PORTLAND, Ore. — An Oregon legislative leader says he will introduce a bill to repeal a state law from 1923 that bans teachers from wearing religious garb.
House Speaker Dave Hunt, D-Gladstone, says he will push to "allow teachers to have the same religious free-exercise rights as every other Oregonian" when legislators meet in February.
Labor Commissioner Brad Avakian and state schools Superintendent Susan Castillo, who recently sent letters to every lawmaker asking them to drop the ban, also support such a proposal.
The Legislature passed a law this year allowing all workers except teachers to wear religious dress at work in most instances. Its passage led to questions about why the law remains on the books, given that Oregon is one of only three states with such a ban.
The 1923 law on teacher dress was passed when an open supporter of the Ku Klux Klan presided as speaker of the Oregon House. The law, which was aimed at keeping Catholics out of public schools, has not been tested in court since the Eugene School District won a 1986 state Supreme Court case that upheld its firing of a Sikh teacher for wearing a turban.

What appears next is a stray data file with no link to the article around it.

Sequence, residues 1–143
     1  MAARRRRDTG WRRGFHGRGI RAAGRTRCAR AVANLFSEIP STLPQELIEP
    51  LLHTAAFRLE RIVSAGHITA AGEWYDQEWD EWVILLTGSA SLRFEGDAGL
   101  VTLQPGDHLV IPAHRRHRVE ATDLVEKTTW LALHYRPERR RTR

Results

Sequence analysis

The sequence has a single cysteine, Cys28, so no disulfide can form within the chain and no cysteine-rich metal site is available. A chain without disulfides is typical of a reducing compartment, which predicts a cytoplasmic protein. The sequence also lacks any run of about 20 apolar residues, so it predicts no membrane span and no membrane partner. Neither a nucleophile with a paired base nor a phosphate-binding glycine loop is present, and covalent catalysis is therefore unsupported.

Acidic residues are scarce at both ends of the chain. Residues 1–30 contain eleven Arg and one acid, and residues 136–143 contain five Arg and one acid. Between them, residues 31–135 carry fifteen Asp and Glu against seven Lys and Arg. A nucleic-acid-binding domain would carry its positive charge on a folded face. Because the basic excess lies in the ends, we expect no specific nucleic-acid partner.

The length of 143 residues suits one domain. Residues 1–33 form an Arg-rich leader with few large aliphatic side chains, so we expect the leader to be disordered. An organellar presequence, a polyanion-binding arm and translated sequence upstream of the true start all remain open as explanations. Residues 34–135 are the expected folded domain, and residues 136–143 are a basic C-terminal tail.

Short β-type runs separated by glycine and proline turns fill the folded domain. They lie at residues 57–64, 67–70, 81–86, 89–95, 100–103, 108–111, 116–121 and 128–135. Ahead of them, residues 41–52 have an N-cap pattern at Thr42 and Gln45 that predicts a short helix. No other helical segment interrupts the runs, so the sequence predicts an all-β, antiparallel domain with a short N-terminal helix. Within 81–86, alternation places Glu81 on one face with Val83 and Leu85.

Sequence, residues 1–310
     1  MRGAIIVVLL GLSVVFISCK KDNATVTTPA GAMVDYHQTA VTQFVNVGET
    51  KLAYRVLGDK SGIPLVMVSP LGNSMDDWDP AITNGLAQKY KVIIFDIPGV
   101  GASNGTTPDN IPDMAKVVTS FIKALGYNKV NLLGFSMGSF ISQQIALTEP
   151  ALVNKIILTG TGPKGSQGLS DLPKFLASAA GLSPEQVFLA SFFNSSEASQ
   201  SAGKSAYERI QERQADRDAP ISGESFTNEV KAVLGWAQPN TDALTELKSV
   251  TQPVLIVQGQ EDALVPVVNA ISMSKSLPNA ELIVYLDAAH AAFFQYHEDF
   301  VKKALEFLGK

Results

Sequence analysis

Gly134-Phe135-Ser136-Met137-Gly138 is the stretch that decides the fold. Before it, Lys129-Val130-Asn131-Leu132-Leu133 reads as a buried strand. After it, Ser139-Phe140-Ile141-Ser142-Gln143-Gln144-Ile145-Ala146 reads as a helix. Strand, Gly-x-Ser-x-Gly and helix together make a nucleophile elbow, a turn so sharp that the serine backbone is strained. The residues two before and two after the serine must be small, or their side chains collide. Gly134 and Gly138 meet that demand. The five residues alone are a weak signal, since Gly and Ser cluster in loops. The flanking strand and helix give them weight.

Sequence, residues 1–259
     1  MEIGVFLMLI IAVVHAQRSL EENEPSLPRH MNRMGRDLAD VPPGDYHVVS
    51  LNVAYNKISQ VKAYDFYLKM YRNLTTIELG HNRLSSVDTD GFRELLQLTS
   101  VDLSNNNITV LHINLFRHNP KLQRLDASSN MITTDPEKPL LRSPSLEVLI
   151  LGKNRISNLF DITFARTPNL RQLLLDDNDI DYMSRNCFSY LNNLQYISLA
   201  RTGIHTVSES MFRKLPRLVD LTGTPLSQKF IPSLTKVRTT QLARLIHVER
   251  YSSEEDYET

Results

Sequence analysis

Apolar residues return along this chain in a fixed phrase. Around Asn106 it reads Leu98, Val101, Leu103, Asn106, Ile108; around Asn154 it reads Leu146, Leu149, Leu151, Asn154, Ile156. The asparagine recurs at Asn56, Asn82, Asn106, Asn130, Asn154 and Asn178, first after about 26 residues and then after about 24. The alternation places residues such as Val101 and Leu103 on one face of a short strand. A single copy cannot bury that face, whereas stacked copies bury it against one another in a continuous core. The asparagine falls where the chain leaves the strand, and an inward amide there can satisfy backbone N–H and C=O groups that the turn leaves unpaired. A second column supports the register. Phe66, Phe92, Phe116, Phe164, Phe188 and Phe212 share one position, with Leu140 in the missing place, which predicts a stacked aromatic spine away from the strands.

The American Civil Liberties Union of Oregon, which has long supported the ban, said the Legislature should not end it without enacting additional protections for Oregon students.
"We are urging the Legislature not to rush," said David Fidanque, executive director of the state ACLU. "Just repealing the statute could cause real problems in maintaining the religious neutrality of schools in Oregon."
The Oregon Education Association has not taken a position on the issue, communications director Becca Uherbelau told The Oregonian newspaper for a story published this week. "Generally speaking, we support the religious freedom of our members."